I’m not allowed to be country.

Rhonda Gilbert, Crowley, TX. I’m black and grew up in the rural south. My experience was very much small town, and I interacted primarily with other blacks until college. Although a large part of my perspective is influenced by my country upbringing, I don’t feel welcome in that “country” space.

Not Enough to be Either One

Dellyna Ochoa, San Bernardino, CA. Its hard to try and be apart of both worlds when everyone says you’re not enough to be apart of either one. I have to learn how to find my own rhythm in the madness. I give a shout out to CBU HIS311 for an opportunity to.

Of both worlds belong to neither

Tiffany M. Lyons, Rockaway Beach, NY. Syracuse University ’16 I am biracial and my experiences with race are constantly informed by internal tug of war about what side I belong to. I’ve finally accepted my place in the grey and the view is sometimes trying but I wouldn’t trade it for anything.

I am American no qustions needed

Demetrios Pathammavong, Sanger, CA. I am an American, although my grandparents are from Laos. It is often a repeated questions of where I am from. When I answer that I am from America, people then ask the same question. Sometimes I say ”Oh, I am from Laos.” in reality I was born in California. This […]

My heart will forever be grateful

Randy-Michael, Long Island, NY. No matter the struggles I go through as a Puerto Rican adult in this world, I will forever be grateful of what I have been granted in this life. My family, my friends, all the positives and the negatives I cherish and when I get knocked down, I learn to get […]

Struggle is an equal-opportunity ass-kicker, sorry.

Jill Orange County, CA Assuming “equal-opportunity” and “ass-kicker” are each one word. Listen, we can all cry victim for one reason or another. If you want to be happy, you have to take ownership of your experience. If you need some perspective, go to a children’s cancer ward or go to a repressed and/or poverty-stricken […]

A World With Out A Mirror!

Sherry Chaudhry, San Antonio, TX. Imagine a World without a Mirror Without a reflection to see ourself. There would be no glassy reflection sitting upon the shelf. Without knowing our own image it would be difficult to judge another. For the image we have of ourselves, determines how we see our brothers by Sherry Chaudhry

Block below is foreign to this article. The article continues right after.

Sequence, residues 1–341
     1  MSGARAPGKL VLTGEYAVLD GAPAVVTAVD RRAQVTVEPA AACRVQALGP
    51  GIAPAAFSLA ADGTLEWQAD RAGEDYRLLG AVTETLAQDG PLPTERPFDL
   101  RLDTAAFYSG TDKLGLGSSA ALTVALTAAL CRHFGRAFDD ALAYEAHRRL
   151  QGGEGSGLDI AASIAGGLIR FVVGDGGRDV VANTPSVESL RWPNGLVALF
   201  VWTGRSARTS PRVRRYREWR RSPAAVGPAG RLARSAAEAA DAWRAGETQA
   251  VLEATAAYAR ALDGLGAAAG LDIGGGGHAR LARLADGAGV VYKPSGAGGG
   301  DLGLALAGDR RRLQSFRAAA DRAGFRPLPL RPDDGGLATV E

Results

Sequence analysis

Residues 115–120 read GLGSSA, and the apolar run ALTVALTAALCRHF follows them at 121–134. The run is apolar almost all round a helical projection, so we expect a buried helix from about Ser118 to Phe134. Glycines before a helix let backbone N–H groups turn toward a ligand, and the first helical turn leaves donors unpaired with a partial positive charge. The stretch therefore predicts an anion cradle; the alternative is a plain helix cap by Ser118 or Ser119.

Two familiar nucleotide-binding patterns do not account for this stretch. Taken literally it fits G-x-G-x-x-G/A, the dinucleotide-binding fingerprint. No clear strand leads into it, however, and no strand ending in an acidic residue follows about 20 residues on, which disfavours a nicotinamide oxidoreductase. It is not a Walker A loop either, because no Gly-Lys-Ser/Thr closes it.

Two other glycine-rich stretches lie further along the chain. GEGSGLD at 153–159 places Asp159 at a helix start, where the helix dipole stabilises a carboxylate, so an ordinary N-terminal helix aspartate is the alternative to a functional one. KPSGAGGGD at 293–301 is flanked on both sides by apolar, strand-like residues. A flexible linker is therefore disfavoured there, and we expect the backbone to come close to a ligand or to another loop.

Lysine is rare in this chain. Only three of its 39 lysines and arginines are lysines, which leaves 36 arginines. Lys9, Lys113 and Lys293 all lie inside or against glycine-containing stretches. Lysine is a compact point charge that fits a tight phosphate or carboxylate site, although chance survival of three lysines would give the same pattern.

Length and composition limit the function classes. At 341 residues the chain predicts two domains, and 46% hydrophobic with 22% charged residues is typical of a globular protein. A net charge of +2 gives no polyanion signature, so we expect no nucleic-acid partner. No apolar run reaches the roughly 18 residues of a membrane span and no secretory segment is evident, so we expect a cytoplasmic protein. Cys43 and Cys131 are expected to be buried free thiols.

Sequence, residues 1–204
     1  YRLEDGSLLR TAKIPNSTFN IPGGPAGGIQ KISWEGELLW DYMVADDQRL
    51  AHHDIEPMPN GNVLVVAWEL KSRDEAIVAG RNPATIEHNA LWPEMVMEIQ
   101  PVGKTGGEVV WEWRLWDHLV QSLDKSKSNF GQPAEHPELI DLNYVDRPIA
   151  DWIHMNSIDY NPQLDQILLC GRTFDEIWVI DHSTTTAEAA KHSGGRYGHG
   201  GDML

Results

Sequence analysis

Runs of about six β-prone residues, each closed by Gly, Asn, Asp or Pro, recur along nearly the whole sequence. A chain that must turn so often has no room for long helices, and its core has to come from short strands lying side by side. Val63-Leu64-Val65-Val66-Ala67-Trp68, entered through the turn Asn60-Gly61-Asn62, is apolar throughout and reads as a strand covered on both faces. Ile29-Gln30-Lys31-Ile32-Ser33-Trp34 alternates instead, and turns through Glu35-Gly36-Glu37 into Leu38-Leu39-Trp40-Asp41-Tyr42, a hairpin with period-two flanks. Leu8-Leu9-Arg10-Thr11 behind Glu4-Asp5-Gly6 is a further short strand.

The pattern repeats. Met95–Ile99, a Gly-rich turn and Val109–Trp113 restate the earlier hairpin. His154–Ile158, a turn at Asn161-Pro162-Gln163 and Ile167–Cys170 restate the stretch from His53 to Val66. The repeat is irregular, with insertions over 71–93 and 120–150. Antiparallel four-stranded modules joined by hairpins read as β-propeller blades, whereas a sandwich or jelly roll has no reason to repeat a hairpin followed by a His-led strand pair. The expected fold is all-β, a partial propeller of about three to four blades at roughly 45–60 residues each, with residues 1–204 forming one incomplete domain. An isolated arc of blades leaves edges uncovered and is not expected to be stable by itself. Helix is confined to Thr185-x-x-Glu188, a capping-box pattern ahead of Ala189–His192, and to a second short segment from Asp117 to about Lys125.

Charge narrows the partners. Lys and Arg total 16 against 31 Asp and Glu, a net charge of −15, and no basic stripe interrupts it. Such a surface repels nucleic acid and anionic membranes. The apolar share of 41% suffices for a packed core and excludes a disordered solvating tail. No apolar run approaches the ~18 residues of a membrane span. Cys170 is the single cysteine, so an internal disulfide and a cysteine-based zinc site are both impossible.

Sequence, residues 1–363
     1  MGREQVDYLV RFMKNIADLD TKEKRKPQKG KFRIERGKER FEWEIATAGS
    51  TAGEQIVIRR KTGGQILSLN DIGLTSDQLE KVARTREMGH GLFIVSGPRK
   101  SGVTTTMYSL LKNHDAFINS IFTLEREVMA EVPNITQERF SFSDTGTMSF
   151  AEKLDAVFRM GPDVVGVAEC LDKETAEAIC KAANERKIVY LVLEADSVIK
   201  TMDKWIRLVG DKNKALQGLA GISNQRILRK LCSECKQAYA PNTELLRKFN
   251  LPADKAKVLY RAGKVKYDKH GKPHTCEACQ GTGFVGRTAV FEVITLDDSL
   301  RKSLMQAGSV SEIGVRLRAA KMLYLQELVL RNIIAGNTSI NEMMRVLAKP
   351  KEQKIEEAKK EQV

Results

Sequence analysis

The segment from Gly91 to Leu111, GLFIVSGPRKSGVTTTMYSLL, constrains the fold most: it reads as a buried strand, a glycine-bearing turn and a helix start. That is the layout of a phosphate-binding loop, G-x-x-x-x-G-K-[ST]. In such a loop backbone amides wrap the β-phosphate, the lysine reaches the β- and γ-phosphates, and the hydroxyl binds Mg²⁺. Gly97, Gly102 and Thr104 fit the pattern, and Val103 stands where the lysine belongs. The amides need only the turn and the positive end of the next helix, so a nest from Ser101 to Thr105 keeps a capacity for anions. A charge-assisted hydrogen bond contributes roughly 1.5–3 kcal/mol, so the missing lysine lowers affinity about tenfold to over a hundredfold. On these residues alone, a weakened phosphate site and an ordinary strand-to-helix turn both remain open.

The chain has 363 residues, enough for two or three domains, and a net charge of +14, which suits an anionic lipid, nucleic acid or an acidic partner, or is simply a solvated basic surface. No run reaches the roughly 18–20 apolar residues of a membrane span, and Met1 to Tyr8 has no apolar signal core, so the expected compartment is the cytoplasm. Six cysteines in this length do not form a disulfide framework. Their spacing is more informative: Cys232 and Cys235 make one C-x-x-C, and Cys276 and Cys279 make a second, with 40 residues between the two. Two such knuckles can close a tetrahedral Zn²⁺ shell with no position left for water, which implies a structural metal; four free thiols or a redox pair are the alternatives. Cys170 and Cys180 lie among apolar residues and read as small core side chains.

Singapore is a country? “Definitely America…”

Xanh Quang, Chicago, IL. The fact that this isn’t knowledge as basic and as practiced as a fact like the sky is blue or there are five great lakes is a tell-tale sign that you are American: western-centric, America (even though there are two, we always know they mean the one third of North-centric, and […]

Entire countries meld in this body.

Isabella Thomas, Philadelphia, PA. My name is Isabella Thomas, and I’m a student currently attending Central High School in Philadelphia. The concept of ‘race’, to me has always correlated with ‘color’. Or perhaps an erasure of identity. I am not simply white, just as my peers- my friends- are not simply black, or Asian. I […]

What if this climber were Trayvon

James Edward Mills, Madison, MI. At the young age of 14 Kai Lightner is doing amazing things in the world of sport climbing. In the spring 2013 he ascended exceedingly difficult routes that included Southern Smoke (5.14c) and Transworld Depravity (5.14a) in the Red River Gorge of Kentucky. On the same two-week road trip he […]

My voice is always hidden away.

Brandy Roberts, Cottonport, LA. I am a loving mom of 2 beautiful kids. I am proud to be white, and I can not voice that to a single person, lest I be judged a racist. I have love pure and strong in my heart. I can not for the life of me understand why all […]

My children jumpstarted my racial identity.

Johnny, Concord, MA. As a gay Asian man married to a white man with two adopted children of color (one black, one Latino), I came to understand my own racial identity trough the experience of welcoming our two children into our family. It’s taught me that to really provide a strong racial identity for my […]

Race is a weaponized social construct